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Dig Liver Dis. 2002 Jan;34(1):29-38.

Treatment of severe Crohn's disease using antimycobacterial triple therapy--approaching a cure?

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  • 1Centre for Digestive Diseases, Sydney, Australia.



Mycobacterium avium subspecies paratuberculosis is probably the best candidate for a microbial cause of Crohn's disease although arguments to the contrary can be equally convincing. Growing evidence suggests that prolonged antimycobacterial combination therapy can improve Crohn's disease in some patients.


To report long-term observations in patients with severe Crohn's disease treated with triple macrolide-based antimycobacterial therapy.


A series of 12 patients (7 male, 5 female; aged 15-42 years) with severe, obstructive or penetrating Crohn's disease were recruited.


Patients failing maximal therapy were commenced prospectively on a combination of rifabutin (450 mg/d), clarithromycin (750 mg/d) and clofazimine (2 mg/kg/d). Progress was monitored through colonoscopy, histology, clinical response and Harvey-Bradshaw activity index.


Follow-up data were available for up to 54 months of therapy Six out of 12 patients experienced a full response to the antiMycobacterium avium subspecies paratuberculosis combination achieving complete clinical, colonoscopic and histologic remission of Crohn's disease. Four of these patients were able to cease treatment after 24-46 months, 3 of whom remained in total remission without treatment for up to 26 months and one patient relapsed after six months off treatment. A partial response to the anti-Mycobacterium avium subspecies paratuberculosis combination was seen in 2 patients showing complete clinical remission with mild histologic inflammation. Return to normal of terminal ileal strictures occurred in 5 patients. Harvey-Bradshaw activity index in patients showing a full or partial response to therapy fell from an initial 13.4 +/- 1. 91 to 0. 5 +/- 0. 47 [n = 8, p < 0. 001) after 52-54 months.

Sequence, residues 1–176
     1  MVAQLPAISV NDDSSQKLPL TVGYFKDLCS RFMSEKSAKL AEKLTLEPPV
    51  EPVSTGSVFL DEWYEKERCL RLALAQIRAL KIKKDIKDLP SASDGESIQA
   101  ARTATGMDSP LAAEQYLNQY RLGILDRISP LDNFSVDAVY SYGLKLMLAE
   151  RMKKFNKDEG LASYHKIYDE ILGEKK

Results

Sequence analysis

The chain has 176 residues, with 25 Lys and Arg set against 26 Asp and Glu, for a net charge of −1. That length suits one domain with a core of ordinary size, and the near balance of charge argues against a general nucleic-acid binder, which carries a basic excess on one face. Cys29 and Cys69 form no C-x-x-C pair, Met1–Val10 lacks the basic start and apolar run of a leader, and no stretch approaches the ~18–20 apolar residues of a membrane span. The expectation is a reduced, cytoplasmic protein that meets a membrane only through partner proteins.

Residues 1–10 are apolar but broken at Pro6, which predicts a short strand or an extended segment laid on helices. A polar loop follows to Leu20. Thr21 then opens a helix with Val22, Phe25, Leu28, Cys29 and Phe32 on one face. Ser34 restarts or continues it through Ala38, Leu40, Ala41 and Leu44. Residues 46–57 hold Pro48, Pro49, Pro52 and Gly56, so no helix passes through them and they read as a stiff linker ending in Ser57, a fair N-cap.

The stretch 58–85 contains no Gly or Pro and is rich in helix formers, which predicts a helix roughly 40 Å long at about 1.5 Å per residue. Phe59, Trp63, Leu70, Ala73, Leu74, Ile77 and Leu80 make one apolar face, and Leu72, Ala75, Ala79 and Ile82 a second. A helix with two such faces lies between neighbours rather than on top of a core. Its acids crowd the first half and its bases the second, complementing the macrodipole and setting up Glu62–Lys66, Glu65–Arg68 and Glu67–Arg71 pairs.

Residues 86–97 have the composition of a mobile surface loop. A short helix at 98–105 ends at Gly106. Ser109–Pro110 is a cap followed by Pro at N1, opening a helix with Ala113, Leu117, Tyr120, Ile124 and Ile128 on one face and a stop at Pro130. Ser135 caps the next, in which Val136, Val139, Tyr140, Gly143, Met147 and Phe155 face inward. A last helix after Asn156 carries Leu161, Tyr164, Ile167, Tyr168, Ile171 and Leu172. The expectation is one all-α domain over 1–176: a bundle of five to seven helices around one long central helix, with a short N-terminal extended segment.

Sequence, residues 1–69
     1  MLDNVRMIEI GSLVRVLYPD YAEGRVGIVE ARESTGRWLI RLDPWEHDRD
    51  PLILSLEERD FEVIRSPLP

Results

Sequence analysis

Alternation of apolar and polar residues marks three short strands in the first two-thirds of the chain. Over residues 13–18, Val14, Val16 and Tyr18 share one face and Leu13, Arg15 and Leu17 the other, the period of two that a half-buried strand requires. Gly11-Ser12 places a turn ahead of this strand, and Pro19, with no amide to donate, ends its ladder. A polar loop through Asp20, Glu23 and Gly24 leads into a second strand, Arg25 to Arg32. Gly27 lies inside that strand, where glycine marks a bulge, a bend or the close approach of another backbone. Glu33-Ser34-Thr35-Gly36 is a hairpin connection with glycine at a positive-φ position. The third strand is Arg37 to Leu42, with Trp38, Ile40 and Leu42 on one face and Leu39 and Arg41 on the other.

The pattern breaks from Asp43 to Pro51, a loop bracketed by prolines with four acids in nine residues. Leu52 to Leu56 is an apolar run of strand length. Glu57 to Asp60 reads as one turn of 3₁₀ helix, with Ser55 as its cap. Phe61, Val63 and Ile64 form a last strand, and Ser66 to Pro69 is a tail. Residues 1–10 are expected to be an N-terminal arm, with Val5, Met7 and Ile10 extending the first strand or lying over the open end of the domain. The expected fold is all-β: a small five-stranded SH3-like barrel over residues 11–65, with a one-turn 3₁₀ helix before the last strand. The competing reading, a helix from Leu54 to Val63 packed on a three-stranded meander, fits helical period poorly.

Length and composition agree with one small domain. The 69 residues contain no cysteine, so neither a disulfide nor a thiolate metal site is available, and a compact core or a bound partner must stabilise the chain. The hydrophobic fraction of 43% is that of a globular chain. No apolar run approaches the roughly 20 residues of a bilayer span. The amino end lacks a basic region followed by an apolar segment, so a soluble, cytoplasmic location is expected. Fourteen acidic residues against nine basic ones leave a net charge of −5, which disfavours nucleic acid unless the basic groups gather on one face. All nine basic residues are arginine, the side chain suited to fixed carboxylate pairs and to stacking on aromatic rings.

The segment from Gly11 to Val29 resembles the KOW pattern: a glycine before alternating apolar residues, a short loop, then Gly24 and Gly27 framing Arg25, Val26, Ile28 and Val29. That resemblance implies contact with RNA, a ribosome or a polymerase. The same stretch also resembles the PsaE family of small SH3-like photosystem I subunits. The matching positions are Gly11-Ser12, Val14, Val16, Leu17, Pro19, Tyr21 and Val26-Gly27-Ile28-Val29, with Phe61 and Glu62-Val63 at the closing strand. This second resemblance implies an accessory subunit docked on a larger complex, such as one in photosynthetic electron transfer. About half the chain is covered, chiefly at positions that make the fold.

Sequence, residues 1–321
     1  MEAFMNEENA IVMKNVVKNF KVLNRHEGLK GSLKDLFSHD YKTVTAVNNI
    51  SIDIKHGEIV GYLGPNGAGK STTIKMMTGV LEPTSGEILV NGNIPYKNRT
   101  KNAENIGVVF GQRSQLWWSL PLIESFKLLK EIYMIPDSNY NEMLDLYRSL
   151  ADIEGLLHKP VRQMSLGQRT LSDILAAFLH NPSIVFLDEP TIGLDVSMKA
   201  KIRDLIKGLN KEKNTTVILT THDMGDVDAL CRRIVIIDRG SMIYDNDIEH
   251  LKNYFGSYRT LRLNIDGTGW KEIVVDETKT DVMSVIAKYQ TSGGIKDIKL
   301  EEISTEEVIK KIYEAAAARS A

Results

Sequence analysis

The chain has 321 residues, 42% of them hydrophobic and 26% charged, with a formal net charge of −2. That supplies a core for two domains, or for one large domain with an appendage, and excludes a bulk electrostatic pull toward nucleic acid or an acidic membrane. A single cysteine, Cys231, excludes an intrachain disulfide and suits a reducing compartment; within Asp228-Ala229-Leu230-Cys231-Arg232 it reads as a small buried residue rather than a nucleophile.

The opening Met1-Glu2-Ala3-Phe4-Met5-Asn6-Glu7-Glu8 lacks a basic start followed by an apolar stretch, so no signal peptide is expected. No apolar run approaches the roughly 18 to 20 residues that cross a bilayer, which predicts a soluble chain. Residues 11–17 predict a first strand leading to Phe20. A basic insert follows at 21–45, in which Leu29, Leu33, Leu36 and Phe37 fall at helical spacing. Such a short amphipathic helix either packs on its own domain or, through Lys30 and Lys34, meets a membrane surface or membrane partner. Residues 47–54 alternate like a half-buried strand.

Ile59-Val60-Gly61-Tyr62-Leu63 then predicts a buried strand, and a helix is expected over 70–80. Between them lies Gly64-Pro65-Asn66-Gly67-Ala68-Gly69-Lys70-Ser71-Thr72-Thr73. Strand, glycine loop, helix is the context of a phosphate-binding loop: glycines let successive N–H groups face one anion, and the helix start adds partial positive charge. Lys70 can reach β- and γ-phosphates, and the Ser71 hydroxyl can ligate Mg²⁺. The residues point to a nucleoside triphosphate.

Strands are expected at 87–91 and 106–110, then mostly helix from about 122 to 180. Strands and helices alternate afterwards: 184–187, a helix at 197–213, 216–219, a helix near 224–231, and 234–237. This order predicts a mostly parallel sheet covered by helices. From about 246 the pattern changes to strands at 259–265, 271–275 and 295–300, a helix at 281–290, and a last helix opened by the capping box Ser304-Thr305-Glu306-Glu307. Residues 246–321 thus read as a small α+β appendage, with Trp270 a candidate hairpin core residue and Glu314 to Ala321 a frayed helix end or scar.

Reversal of severe Crohn's disease has been achieved in 6/12 patients using prolonged combination anti-Mycobacterium avium subspecies paratuberculosis therapy alone. Three patients remain in long-term remission with no detectable Crohn's disease off all therapy These results support a causal role for Mycobacterium avium subspecies paratuberculosis in Crohn's disease while also suggesting that a cure may become possible.

[PubMed - indexed for MEDLINE]
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